As I reflect on protests at college campuses nationwide, I can’t help but feel a little shell-shocked. Not too long ago, I walked across the pavement of a southern PWI, where my black female body was picked on, prodded and devalued over the course of four years. Although I will forever cherish the lessons learned, memories made and the education I procured at Emory University, the institution and its respective administration gave me a bitter taste of the real world.
You see, the Mizzous, Yales and Emorys of this nation have one thing in common: they are a microcosm of real life. Many people of color enter said institutions with merit, fervor and hope only to combat the harsh realities of being black in America. It is resilience that helps us succeed and graduate from our colleges with that same merit, fervor and hope. As my esteemed Emory colleague, Quintarrius Shakur so eloquently said, “excellence is [our] form of resistance.”
And resistance is merited, especially when being #BlackOnCampus looked like this in my experiences:
- A white woman walks out of her bathroom stall and pets your natural hair as you apply your make-up … before she washes her hands.
- A black sorority is suspended from campus for five years, while a white fraternity is suspended for one semester for harsher allegations.
- A white fraternity throws cotton balls on a black fraternity’s lawn.
- Cultural sensitivity forums are breeding grounds for non-POC who lack sympathy and, oftentimes, hoard and spew hatred. But #FreedomOfSpeech…
- The display of the confederate flag is just another “normal” illustration of “Southern pride.”
- Swastikas are embellished on institutional walls.
- A multicultural program that caters to black student recruitment is removed because it “lacks inclusivity.”
- The Black Student Alliance house is revoked.
- Your white male professor accuses you, the lone black girl out of four other non-POC, of cheating on a group assignment.
- Your white female pre-health advisor tells you that your goals are unrealistic and unattainable.
- The president of your university cites the Three-Fifths Compromise as noble temperance of ideology.
These were some of my realities. When I graduated, I was happy to leave these memories behind. But I quickly learned that analogous issues would manifest on college campuses, places of business and the nation for years to come. It saddens me that my little sister has to endure the same realities concerning racial oppression even though five years has lapsed between my time in college and hers. It saddens me that my best friend does not feel 100 percent comfortable rocking her natural hair in her corporate position. It saddens me to watch presidential debates where one or two superficial questions qualify as adequately addressing the #BlackLivesMatter movement. My point is this: institutional racism is not exclusively on college campuses. It is embedded in both small and large powerful facets of our everyday lives. It is personal. It is professional. It is everywhere.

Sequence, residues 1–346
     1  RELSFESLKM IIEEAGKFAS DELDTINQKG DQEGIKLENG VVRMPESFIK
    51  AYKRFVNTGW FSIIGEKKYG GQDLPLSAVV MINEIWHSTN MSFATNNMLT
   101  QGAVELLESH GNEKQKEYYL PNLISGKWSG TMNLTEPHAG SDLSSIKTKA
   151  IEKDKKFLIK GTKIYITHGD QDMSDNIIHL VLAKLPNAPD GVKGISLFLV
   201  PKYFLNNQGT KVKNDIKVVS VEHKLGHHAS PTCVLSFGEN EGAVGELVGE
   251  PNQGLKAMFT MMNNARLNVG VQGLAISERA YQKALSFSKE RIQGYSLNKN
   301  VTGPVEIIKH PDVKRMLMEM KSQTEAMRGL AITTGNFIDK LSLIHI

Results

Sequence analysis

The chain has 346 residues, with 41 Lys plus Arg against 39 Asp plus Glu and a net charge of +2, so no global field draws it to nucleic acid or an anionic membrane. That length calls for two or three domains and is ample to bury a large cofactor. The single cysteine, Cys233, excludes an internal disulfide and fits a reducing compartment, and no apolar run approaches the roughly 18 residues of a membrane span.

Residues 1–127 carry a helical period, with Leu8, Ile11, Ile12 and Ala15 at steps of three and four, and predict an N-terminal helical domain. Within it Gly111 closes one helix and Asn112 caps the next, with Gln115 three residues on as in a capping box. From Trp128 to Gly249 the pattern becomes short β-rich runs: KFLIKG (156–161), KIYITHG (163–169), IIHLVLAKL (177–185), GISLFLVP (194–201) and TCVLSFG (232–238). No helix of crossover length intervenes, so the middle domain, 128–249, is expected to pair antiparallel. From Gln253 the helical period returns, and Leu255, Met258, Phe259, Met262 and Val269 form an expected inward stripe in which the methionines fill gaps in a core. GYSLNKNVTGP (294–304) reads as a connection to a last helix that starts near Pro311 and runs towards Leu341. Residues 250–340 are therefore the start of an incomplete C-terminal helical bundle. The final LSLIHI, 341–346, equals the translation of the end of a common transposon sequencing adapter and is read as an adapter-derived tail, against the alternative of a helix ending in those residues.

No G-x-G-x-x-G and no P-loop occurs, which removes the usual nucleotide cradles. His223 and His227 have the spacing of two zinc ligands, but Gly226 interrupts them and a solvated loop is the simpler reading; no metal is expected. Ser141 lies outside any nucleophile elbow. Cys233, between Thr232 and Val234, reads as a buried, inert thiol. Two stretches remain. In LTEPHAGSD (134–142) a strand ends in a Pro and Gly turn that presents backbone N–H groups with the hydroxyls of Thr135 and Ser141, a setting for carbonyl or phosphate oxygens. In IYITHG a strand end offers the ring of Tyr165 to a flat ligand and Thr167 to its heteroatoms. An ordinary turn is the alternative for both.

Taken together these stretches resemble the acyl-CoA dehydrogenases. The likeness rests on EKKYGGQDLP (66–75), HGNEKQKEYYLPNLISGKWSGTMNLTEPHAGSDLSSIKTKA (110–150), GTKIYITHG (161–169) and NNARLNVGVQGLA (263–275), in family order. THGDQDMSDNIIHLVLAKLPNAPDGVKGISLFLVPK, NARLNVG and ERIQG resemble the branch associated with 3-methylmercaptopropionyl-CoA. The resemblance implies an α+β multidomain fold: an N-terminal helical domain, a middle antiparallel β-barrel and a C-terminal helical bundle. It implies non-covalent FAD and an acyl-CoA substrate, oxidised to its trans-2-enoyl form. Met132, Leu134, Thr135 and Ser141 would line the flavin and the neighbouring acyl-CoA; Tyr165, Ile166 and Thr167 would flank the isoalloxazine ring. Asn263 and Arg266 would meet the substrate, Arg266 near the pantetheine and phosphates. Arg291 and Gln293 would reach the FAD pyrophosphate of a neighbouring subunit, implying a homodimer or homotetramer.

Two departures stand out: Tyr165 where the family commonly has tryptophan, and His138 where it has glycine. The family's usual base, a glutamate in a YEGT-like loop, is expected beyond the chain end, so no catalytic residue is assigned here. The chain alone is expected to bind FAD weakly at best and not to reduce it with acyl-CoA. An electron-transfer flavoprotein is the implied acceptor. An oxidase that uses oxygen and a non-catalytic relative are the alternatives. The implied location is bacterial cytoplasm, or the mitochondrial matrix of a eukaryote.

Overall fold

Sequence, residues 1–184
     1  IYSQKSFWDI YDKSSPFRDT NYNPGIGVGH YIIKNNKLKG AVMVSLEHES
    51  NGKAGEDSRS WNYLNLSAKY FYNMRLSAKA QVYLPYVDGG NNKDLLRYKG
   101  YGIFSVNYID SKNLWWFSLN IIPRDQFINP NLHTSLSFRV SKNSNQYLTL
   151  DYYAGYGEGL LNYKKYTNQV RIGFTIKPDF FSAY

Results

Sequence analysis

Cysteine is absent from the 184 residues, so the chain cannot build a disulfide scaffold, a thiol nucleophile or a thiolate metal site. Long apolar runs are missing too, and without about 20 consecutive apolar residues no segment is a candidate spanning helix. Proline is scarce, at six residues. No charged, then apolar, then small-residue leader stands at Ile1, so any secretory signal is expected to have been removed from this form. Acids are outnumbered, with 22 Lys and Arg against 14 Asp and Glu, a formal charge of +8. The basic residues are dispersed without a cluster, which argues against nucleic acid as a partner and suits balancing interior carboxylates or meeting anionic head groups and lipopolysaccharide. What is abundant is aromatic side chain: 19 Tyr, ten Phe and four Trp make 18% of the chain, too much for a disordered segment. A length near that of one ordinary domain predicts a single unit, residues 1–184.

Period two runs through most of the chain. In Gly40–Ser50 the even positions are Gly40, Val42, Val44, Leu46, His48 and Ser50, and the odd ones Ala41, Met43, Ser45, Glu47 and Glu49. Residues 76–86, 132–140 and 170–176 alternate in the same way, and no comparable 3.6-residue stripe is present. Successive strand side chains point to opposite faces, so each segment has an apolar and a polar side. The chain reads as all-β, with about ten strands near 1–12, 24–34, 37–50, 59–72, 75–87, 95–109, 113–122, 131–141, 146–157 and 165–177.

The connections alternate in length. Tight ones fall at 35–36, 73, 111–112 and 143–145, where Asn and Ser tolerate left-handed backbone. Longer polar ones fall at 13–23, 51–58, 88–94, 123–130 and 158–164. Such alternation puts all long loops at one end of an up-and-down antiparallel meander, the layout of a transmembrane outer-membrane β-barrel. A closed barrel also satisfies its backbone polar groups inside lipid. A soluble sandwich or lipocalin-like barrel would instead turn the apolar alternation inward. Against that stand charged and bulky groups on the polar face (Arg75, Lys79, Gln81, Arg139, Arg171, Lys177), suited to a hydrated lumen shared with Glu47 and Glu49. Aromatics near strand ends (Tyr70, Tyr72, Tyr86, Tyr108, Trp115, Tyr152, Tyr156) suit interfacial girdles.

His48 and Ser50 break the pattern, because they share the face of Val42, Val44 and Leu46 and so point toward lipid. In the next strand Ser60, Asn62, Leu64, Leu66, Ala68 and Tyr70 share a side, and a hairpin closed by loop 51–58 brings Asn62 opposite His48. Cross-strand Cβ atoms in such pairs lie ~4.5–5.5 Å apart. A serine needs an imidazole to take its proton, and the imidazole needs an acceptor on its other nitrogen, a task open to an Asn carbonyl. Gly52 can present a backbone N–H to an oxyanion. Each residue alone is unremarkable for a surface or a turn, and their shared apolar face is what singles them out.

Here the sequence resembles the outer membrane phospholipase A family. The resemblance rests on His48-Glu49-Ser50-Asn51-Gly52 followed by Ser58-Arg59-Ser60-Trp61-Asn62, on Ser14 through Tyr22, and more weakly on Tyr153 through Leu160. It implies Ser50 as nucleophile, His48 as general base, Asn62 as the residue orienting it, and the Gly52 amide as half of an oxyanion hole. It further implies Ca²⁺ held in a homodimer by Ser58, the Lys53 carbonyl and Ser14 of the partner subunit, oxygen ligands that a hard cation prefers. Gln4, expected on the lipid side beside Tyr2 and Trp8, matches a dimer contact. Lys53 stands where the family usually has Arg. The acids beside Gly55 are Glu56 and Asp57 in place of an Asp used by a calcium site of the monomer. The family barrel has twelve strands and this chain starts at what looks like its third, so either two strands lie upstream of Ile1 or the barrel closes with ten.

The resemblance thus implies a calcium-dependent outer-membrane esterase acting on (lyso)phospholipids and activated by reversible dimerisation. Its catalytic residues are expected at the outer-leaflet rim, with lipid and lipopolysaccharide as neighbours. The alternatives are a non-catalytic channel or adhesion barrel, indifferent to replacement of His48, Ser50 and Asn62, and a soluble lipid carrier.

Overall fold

I like to think that the hashtags and conversations are helping. We would not be privy (in a timely manner) to information like the threats towards black bodies at Mizzou if Twitter did not exist. However, we need more. We need to capitalize the momentum fashioned by the #StandWithMizzou demonstrations. Clearly, protest translates to a threat to an institution’s capital, as illustrated by Missouri’s football team protest and subsequent resignation of their president, Tim Wolfe. Had they not played, the institution stood to lose approximately $1,000,000 for even one missed game. That’s huge. So how can that sort of financial impact be transferred to other PWIs and campuses experiencing racial oppression? How can alumni contribute? How can YOU, as an individual, add to the conversation?
These are important questions that black students, alum, professionals and allies should be asking and answering for themselves. DO something—anything. Because an injustice anywhere is a threat to justice everywhere.
What a time to be alive.